New Netherland Seminar

The Dutch Revolt and New Netherland

I wrote a guest post for the Junto Blog that provides a recap of the 36th Annual New Netherland Seminar.

New NetherlandThe Dutch Revolt and New Netherland

As my book project explores the cultural legacy of New Netherlanders who lived in Albany, NY, I attended the 36th Annual New Netherland Seminar on Saturday, October 5 at the New-York Historical Society. I admit that I attended the conference as an interloper; I study the revolutionary and early republic periods.

Sponsored by the New Netherland Institute (NNI), the New Netherland Seminar is the only conference dedicated to the study of the former Dutch colony.[1] The seminar convenes in a different location each year, but always within the bounds of New Netherland. The NNI organizes each seminar around a theme. This year, it selected “The Dutch Revolt and New Netherland” in an effort to explore the contributions Flemish and Walloon migrants made to New Netherland.[2] To this end, the NNI invited Guido Marnef, Kees Zandvliet, Maarten Prak, Wim Vanraes, and David Baeckelandt to discuss the Revolt and how and why the event led Flemish and Walloon migrants to participate in the Dutch colonization of North America.

The Dutch Revolt began in 1568 when the Low Countries revolted against the Habsburg Empire that ruled them. The struggle lasted 80 years and centered on political and religious issues. The Revolt ended in 1648, when the Protestant-dominated northern Netherlands (present-day Netherlands) achieved independence; the Southern or Spanish Netherlands (present-day Belgium) remained part of the Habsburg Empire.

Continue Reading


New Netherland Seminar: Emerging Scholars Roundtable

In July, the New Netherland Institute invited me to participate in its new Emerging Scholars Roundtable. The roundtable will foster interaction between graduate students, junior scholars, and established scholars. I jumped at the opportunity to participate because my dissertation-to-book revision project extends my period of study backward to 1615. As a scholar of Revolutionary and Early National America, I need all the advice I can get about New Netherland.

Emerging Scholars Roundtable

The Roundtable will take place on October 4, the day before the Annual New Netherland Seminar (October 5). Ruth Piwonka, Jaap Jacobs, Firth Fabend, David W. Voorhees, Janny Venema, Charles Gehring, and Walter Prevenier will serve as the panel of established scholars.

The emerging scholars submitted 5-7-page project descriptions to the roundtable participants. The descriptions outline each emerging scholar’s area of research and the conceptual and/or research problems they face.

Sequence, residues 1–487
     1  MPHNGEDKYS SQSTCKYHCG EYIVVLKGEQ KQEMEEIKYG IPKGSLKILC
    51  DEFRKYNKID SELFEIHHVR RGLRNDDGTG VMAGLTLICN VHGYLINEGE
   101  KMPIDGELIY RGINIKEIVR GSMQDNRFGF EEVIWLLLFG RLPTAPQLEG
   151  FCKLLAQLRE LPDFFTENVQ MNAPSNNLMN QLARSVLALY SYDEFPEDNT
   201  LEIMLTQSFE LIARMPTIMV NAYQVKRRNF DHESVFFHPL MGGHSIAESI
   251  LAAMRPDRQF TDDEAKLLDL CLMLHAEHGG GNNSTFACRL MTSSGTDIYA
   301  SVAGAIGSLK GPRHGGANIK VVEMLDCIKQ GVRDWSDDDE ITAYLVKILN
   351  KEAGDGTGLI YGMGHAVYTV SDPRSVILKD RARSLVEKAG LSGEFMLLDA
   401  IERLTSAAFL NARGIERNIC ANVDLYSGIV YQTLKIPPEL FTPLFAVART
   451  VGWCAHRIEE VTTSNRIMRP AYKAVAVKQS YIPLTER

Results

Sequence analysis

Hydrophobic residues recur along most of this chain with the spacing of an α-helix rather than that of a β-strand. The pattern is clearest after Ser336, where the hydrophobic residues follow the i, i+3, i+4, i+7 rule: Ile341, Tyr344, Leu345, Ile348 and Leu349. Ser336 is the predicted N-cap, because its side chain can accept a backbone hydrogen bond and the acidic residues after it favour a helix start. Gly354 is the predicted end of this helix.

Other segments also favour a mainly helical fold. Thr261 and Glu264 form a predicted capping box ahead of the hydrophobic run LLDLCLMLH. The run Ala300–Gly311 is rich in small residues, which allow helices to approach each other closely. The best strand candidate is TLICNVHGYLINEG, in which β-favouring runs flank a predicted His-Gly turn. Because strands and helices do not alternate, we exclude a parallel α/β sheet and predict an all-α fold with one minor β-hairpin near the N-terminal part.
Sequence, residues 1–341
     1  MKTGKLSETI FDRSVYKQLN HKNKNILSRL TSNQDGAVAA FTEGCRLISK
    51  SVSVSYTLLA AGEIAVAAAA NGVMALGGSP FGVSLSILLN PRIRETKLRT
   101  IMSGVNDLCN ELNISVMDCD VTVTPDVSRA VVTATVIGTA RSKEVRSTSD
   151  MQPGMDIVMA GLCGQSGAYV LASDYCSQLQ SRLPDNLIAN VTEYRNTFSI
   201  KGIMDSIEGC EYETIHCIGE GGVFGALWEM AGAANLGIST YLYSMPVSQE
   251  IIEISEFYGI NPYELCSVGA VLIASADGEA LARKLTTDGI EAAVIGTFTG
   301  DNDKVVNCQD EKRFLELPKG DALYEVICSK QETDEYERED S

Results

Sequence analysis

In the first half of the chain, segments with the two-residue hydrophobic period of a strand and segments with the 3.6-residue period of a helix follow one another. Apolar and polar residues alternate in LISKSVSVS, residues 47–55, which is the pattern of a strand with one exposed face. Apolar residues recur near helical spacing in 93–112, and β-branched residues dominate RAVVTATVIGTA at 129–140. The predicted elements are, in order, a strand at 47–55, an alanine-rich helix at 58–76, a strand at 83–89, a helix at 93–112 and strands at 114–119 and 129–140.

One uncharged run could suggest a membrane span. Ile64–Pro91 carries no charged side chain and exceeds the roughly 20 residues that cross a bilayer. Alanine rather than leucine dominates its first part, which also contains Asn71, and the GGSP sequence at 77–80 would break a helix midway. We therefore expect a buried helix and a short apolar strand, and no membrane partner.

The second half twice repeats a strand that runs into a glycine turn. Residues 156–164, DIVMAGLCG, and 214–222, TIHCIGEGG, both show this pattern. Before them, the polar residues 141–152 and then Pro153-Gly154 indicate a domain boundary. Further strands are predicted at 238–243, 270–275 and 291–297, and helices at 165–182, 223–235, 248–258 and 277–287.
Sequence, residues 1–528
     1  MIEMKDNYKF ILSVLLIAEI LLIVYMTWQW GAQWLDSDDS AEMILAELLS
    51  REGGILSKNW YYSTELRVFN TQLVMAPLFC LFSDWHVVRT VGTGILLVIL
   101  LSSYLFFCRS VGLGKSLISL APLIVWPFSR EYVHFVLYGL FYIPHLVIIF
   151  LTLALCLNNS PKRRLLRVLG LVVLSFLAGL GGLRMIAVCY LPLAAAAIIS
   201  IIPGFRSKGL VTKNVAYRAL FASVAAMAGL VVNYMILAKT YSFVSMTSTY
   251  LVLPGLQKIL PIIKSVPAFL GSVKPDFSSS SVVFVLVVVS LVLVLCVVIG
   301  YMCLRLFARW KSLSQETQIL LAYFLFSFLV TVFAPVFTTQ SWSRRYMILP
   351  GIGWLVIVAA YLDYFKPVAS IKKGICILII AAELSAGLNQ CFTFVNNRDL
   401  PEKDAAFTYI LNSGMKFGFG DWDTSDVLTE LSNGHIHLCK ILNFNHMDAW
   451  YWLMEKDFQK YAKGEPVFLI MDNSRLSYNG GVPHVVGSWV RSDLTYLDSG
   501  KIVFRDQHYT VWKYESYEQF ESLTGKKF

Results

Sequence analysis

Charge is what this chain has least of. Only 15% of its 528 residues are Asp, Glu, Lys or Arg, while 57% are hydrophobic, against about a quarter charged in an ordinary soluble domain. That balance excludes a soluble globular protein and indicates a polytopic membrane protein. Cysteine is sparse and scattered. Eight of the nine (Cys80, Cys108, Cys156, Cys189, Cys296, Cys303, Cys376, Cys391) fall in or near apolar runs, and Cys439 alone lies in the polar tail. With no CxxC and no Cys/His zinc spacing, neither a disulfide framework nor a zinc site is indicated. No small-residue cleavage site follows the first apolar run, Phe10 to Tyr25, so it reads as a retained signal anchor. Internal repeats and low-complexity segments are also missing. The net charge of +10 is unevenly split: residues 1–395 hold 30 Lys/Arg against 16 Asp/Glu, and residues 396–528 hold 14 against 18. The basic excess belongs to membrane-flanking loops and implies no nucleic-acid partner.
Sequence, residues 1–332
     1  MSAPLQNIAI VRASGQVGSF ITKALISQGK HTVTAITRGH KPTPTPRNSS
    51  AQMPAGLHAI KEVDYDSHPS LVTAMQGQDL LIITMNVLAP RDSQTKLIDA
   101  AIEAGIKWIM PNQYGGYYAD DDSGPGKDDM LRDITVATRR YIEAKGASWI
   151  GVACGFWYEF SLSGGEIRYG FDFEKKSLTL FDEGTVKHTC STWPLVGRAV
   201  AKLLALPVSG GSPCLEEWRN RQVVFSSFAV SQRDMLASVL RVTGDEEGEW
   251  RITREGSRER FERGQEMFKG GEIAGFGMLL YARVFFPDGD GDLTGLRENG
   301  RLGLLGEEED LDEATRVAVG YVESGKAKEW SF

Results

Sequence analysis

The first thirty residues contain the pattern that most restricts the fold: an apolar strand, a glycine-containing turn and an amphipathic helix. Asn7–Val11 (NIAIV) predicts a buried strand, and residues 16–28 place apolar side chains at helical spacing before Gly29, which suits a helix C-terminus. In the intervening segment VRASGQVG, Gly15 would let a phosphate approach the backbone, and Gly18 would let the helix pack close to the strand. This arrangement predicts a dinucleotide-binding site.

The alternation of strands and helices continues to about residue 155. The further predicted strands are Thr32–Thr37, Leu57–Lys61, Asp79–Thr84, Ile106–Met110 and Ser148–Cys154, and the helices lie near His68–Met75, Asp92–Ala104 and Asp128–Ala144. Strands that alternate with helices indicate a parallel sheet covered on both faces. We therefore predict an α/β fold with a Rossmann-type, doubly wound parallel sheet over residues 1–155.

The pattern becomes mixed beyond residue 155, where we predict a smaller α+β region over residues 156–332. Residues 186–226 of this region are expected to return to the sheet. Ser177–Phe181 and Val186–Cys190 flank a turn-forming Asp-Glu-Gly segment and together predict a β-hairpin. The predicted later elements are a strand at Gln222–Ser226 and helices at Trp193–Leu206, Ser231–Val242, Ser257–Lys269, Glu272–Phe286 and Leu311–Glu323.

GezichtOpNieuwAmsterdamMy Proposal

What did I put in my proposal?

I asked the established scholars for assistance with the first chapter of my book.

In my first chapter, I will discuss the characteristics of the New World Dutch identity created by the people of Beverwyck (Albany, pre-1664). Roughly 51% of the colonists in New Netherland were born in the Netherlands, the remaining 49% came from all over Europe. Many scholars use “Dutch” to describe the 7,000-8,000 colonists who settled in New Netherland. I have never been comfortable with that.

New Netherlanders were Dutch in the sense that they lived under Dutch authority, but culturally they comprised something different. Wherever they settled, New Netherlanders created community identities that allowed them to avoid cultural disputes. In the case of those who settled in Beverwyck, the colonists developed highly adaptable self-understandings that allowed its diverse population to live and trade with each other and the Native American peoples who lived around them.

The secondary-source literature states that Dutch culture inalterably changed the cultures of Native Americans and non-Dutch colonists. Dutch culture profoundly influenced the self-understandings of the people of Beverwyck. However, the culture of Native Americans and non-Dutch colonists also inalterably changed the culture of the Dutch colonists. The secondary-source literature does not discuss these cultural contributions.


Netherlands-CrestMy Book

In my book, I would like to mention how Native Americans and non-Dutch colonists affected the creation of New World Dutch cultures. Admittedly, this topic deserves more than a mention and could fill many dissertations and books.

I hope to gain ideas from the scholars on the roundtable about the cultural contributions Native Americans and non-Dutch colonists made to New World Dutch cultures.

Understanding these contributions is crucial because New Netherlanders handed down a flexible culture that informed how the people of Albany adapted old self-understandings to create new self-understandings as New Yorkers, Britons, and citizens of the United States.